Teams check health of endangered pod as sick orca is presumed dead

Scientists are monitoring the health of a group of critically endangered orcas in the Pacific Ocean followin...

Posted: Sep 18, 2018 8:43 AM
Updated: Sep 18, 2018 8:43 AM

Scientists are monitoring the health of a group of critically endangered orcas in the Pacific Ocean following news that Scarlet, an emaciated member of the pod, is presumed dead.

"We did an extensive search on Thursday and Friday, both by air and on water but didn't turn up Scarlet or her body," spokesperson Ruth Howell of National Oceanic and Atmospheric Administration (NOAA) Fisheries said Monday. "We called off the search Friday afternoon."

Animals

Antibiotics

Biology

Business and industry sectors

Business, economy and trade

Canada

Continents and regions

Dolphins and whales

Life forms

Mammals

Marine mammals

North America

Pharmaceutical industry

Pharmaceuticals and biotechnology

Pharmaceuticals and prescription drugs

Science

The Americas

United States

Agriculture, forestry, and commercial fishing

Commercial fish industry

Food and beverage industry

Food production industry

Government and public administration

Government bodies and offices

Government organizations - US

Health and medical

Heroes and heroism

National Oceanic and Atmospheric Administration

Society

US Department of Commerce

US federal departments and agencies

US federal government

Weather

Deaths and fatalities

The most recent photos of Scarlet, also known as J50, showed the underweight 3-year-old orca was in bad shape. She has not been seen since September 7.

"Aerial photos from August and September showed her condition had gotten worse," Howell said. "She was extremely emaciated, and her condition was worsening."

Scarlet was among a group of endangered, rapidly dwindling Southern Resident killer whales that frequent the Pacific Northwest. Teams working off Washington state and Vancouver, Canada, had been trying to get her food and antibiotics.

The nonprofit SR3 has partnered with NOAA Fisheries and currently has a team in the field attempting to get more information about the health and wellness of the pod, Howell said.

"Working under a research permit from NOAA Fisheries, we have been able to fly a custom-made research drone high above the whales, to non-invasively collect images to measure the width (to infer fatness) and length (to monitor growth) of the whales," said the SR3 website.

A task force set up by Washington Gov. Jay Inslee on September 24 will release a draft of recommendations to help the orcas.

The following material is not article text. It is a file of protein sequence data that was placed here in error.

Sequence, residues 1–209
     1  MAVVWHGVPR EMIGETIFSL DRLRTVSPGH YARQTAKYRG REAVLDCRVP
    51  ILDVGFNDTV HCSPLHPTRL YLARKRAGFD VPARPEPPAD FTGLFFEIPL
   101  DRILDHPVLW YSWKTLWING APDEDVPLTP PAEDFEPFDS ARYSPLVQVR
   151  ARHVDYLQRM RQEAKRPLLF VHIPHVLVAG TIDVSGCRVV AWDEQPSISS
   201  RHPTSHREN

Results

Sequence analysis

"Losing Scarlet is particularly difficult after a truly heroic effort on the part of so many in the US and Canada to save her life," said a statement from the task force. "And her suffering and death follow too closely the death of J35's calf and the 17 days of orca grieving that brought world attention to the critically endangered southern resident orcas."

Lack of salmon is killing orcas

Scarlet is part of the Southern Resident population that includes Tahlequah, whose heartbreak made headlines worldwide after she carried her dead calf for days this month.

Tahlequah's calf died a few hours after its birth last month. Not wanting to let its body sink to the ocean floor, she nudged it toward the surface as she made her way through the Pacific, off the coast of Canada and the northwestern US.

One of the problems affecting whales is the lack of salmon, their main source of food due to overfishing for commercial consumption. And man-made contraptions, like hydroelectric power sources, block their path to release eggs.

Orca whales also do not have babies often or in large numbers, and when they do, it is a long process. It takes a calf a little under a year and a half to fully develop in the womb, and they nurse for another year.

The Southern Resident population has reduced to 75 animals, and has not had a successful birth in three years. In the past 20 years, only 25% of the babies have survived.

"Extinction is looming," Center for Whale Research founder Ken Balcomb told CNN.

New York Coronavirus Cases

County data is updated nightly.

Confirmed Cases: 449900

Reported Deaths: 33087
CountyConfirmedDeaths
Queens716827243
Kings671367318
Bronx525784941
Nassau462182201
Suffolk460612011
Westchester378011454
New York330703174
Richmond157301085
Rockland14823675
Orange11812498
Erie10999689
Monroe5894289
Dutchess5059153
Onondaga4220205
Albany3016134
Oneida2375123
Ulster224295
Niagara1724101
Putnam157463
Sullivan157148
Broome146569
Schenectady138048
Saratoga99817
Rensselaer89942
Columbia58137
Chautauqua5379
Madison48717
Ontario46135
Oswego4473
Tompkins3970
Warren36033
Steuben35042
Fulton33224
Otsego3325
Chemung3303
Orleans32354
Herkimer32110
Greene31918
St. Lawrence3184
Genesee3145
Wayne3105
Washington28714
Cattaraugus2546
Chenango2487
Montgomery2274
Tioga22425
Livingston2018
Cayuga1992
Jefferson1630
Essex1600
Cortland1590
Clinton1545
Wyoming1325
Delaware1304
Seneca1053
Allegany981
Schoharie830
Franklin650
Yates627
Lewis500
Schuyler380
Hamilton150
Unassigned016
Utica
Clear
51° wxIcon
Hi: 65° Lo: 36°
Feels Like: 51°
Oneonta
Clear
46° wxIcon
Hi: 63° Lo: 32°
Feels Like: 46°
Herkimer
Clear
51° wxIcon
Hi: 65° Lo: 37°
Feels Like: 51°
Thendara
Clear
51° wxIcon
Hi: 59° Lo: 33°
Feels Like: 51°
WKTV Radar
WKTV Temperatures
WKTV Severe Weather
Click here to learn more about A Healthier Mohawk Valley
Saluting Those Who Are Proud 2 Serve
WKTV Golf Card - Under 150 left